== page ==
According to a recent DOD report, China is actively pursuing the development of electromagnetic pulse weapons, and is devoting significant resources to development of other electronic warfare systems and laser weapons. The report also notes that China's leaders view offensive counter space weapons and other space-based defense systems as part of inevitable scenarios for future warfare. The report notes that China could have 30 ICBMs capable of striking the United States by 2005, and as many as 60 by the end of the decade. Also, China may reportedly replace 20 of its current ICBMs with a longer-range version by the end of this decade, or sooner.27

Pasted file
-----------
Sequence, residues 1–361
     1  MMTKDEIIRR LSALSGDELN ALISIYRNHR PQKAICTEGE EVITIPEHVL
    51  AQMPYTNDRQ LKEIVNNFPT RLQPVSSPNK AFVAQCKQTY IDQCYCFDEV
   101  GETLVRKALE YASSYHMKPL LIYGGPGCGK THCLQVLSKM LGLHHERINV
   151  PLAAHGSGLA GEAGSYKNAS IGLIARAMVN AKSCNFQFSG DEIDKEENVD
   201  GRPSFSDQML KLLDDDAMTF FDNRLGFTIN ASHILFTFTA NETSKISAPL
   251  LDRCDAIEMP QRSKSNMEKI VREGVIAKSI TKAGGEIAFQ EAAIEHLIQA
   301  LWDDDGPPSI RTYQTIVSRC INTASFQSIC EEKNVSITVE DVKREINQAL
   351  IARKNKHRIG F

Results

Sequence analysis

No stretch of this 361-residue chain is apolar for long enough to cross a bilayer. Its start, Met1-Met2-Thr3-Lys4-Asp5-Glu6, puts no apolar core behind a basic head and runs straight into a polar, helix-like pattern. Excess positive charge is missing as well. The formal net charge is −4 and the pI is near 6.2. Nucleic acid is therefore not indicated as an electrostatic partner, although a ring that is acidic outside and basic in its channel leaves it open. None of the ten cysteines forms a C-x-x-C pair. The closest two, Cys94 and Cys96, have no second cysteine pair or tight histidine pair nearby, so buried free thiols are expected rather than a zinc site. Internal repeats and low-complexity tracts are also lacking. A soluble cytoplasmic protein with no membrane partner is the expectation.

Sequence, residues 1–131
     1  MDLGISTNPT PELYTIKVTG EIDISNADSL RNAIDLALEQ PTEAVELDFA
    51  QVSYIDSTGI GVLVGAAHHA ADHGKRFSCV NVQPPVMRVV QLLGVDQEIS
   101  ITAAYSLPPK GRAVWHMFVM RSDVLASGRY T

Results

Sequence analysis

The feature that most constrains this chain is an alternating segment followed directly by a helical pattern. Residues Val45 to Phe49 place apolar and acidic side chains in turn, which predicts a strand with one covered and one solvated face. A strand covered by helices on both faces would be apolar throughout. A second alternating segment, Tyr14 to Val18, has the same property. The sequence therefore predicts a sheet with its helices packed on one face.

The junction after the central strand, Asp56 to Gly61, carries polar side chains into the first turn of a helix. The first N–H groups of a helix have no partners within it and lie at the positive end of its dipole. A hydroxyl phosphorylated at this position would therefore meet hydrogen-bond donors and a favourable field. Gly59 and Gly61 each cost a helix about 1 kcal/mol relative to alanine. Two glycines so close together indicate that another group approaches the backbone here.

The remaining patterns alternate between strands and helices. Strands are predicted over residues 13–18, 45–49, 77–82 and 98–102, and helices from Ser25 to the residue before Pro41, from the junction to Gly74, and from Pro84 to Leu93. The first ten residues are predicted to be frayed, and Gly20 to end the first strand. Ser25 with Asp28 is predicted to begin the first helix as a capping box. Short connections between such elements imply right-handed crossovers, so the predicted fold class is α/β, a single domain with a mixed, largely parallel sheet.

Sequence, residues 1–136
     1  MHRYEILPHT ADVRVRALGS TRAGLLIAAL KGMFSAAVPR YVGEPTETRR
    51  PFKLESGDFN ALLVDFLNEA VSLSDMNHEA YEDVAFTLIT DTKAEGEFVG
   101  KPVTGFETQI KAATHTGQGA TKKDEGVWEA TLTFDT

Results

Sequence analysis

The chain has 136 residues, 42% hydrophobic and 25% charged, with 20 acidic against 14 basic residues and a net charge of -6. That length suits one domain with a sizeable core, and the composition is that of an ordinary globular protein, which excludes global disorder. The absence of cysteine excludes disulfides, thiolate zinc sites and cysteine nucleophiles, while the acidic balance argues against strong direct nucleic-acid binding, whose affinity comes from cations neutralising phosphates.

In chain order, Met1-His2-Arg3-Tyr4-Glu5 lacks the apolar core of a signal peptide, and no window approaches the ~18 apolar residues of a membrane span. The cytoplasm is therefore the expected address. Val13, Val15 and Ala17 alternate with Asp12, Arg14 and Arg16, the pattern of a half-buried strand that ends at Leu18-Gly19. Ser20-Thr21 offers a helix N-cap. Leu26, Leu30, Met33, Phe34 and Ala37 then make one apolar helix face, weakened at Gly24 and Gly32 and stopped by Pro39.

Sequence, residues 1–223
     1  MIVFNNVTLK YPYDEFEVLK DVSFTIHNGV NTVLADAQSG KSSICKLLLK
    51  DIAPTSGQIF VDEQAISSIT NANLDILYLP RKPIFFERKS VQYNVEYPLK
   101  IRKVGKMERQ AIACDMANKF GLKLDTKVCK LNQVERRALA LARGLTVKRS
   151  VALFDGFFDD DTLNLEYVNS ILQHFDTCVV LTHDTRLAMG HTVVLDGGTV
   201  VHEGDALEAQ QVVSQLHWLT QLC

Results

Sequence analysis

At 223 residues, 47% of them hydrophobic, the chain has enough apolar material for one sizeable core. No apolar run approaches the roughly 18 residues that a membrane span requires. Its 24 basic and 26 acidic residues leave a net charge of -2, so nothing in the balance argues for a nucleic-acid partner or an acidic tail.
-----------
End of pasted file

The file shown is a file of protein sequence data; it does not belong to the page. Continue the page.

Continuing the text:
Vladimir Lukin, the former Soviet Ambassador to the United States, and former Chairman of the International Affairs Committee for the Russian Parliament,
reportedly has stated that Russia currently has a capability to create a HEMP effect over the United States.28 During 1962, the then Soviet Union conducted a series of atmospheric nuclear tests and observed HEMP effects that included surge protector burnouts, power supply breakdowns, and damage to overhead and underground buried cables at distances of 600 kilometers. Since then, Russia has reportedly made extensive preparations to protect their infrastructure against HEMP by hardening both civilian and military electronic equipment, and by providing continuous training for personnel operating these protected systems.29 Other sources have reportedly stated that Russia may also have some of the leading physicists in the world currently doing research on electronic warfare weapons and electromagnetic pulse effects.30